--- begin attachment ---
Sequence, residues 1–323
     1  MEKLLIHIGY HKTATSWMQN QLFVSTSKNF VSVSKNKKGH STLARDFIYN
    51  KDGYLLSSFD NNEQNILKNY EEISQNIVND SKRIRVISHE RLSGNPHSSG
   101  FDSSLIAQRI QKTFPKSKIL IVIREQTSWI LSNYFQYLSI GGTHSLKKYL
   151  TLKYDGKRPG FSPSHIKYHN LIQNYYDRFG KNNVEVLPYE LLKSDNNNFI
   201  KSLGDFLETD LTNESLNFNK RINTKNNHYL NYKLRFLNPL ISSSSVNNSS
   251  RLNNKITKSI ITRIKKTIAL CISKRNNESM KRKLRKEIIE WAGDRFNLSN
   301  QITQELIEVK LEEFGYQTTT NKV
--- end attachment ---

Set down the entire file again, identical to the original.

Sequence, residues 1–323
     1  MEKLLIHIGY HKTATSWMQN QLFVSTSKNF VSVSKNKKGH STLARDFIYN
    51  KDGYLLSSFD NNEQNILKNY EEISQNIVND SKRIRVISHE RLSGNPHSSG
   101  FDSSLIAQRI QKTFPKSKIL IVIREQTSWI LSNYFQYLSI GGTHSLKKYL
   151  TLKYDGKRPG FSPSHIKYHN LIQNYYDRFG KNNVEVLPYE LLKSDNNNFI
   201  KSLGDFLETD LTNESLNFNK RINTKNNHYL NYKLRFLNPL ISSSSVNNSS
   251  RLNNKITKSI ITRIKKTIAL CISKRNNESM KRKLRKEIIE WAGDRFNLSN
   301  QITQELIEVK LEEFGYQTTT NKV